You can’t tell due to the low-resolution of my Apple SpacePhone’s camera, but his “gold” chain has this logo emblazoned on the dog tag (in full Technicolor). Combined with the hat (which looks like something that black Bart Simpson would wear on one of those bootleg shirts from the 90s), This Guy must really want us to know that he likes reggae but is fine being single for the rest of his life. A little on-the-nose, man… a little on-the-nose. If nothing else, the small “they only give these out at head shops” black plastic bag is enough of a signal alone.

This is nowhere near the meanest thing I’ve said about a stranger today.

Why I usually take the A


The following things all happened concurrently in my car on the C this afternoon:

-A portly woman sat on a loose, squeaky bench. 

-Some dumbass listening to his iPod rocked and nodded his head distractingly hard while flailing his jazz hands all about.

-Apparently on the way to some sort of audition, another guy stood next to him practicing choreography, nearly falling over at every stop.

-A man with a large bongo drum decided to play for no other reason than that he had a drum.

-A man who apparently had ribs for lunch sat next to me loudly sucking the meat remnants from between his teeth.

-A woman struggled to feed her baby a piece of pound cake that the baby didn’t care for. He naturally expressed himself with piercingly loud crying.

-A couple bickered about nothing.


-My head exploded.

I hate those kids that dance on the A

kids-dancingYou know you do to. The subway is just about always packed with people singing, telling sad stories or just generally looking pathetic in an attempt to pry a few shekels from your Canal St. Goyard. For the most part, the sympathy for their presumed misfortune is enough for me to forgive the fact that they’re drowning out my Diane Rehm podcast. Most Saturdays, however, a particular group of kids rides the up and down the A line all afternoon break dancing for money; I hate them.

Maybe it’s the fact that I have to see them so frequently. Maybe it’s the fact that they’re begging for money with the assistance of a new-ish looking iPod Classic. Maybe it’s the fact that, despite having seen their act around a half dozen times, it’s always the same and seems to actually be declining in quality. Maybe it’s the fact that anytime we’re below 59th St. there’s some tourist from Boise, Idaho who finds it all amazing and gives them money. Whatever it is, they’re officially my least favorite beggars.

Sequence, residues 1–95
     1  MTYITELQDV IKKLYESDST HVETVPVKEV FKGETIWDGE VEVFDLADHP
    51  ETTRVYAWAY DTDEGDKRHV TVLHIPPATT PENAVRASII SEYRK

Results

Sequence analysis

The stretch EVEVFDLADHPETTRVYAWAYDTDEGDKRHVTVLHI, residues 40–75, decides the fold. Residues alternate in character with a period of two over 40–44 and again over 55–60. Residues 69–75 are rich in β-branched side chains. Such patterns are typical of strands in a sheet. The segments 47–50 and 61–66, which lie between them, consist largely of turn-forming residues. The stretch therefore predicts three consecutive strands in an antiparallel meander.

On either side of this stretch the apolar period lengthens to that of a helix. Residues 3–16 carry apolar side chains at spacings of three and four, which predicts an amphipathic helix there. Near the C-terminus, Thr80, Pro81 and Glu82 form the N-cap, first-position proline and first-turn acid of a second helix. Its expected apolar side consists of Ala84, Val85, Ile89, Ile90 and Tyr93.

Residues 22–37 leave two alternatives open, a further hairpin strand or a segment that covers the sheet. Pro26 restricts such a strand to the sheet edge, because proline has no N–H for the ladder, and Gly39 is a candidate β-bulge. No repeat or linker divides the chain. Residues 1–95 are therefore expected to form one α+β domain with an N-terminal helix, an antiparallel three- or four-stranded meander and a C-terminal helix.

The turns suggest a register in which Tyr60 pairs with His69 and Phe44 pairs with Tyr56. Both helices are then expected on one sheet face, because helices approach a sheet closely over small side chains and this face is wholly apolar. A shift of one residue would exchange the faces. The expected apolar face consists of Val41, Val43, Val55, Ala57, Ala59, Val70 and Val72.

They don’t dance particularly well–each only has two to three “moves”–and don’t seem to understand how to time their routine around when the train stops and starts. The erratic movements of the train wreak havoc on their already questionable sense of rhythm and timing. Combined with the fact that they pick a heavy traffic time to dance, they often times stumble about the car bumping into people and falling in their laps.

To make things worse, after their poorly choreographed nuisance finally ends, they tend to just stand there and look at the passengers until someone comes to them with money and, in the event that they collect anything, never say “thank-you.” They also tend to count up their donations right in front of everyone and loudly debate whether or not it was worth it to stop in that car, which seems to be off-putting to those who did contribute when the consensus is “no.”

Please, if you’re the giving type, I encourage you to save your spare change for almost anyone else who asks for it. These kids don’t appear to need it, don’t work to deserve it and barely seem to want it. Fuck ’em… I’ve got problems too.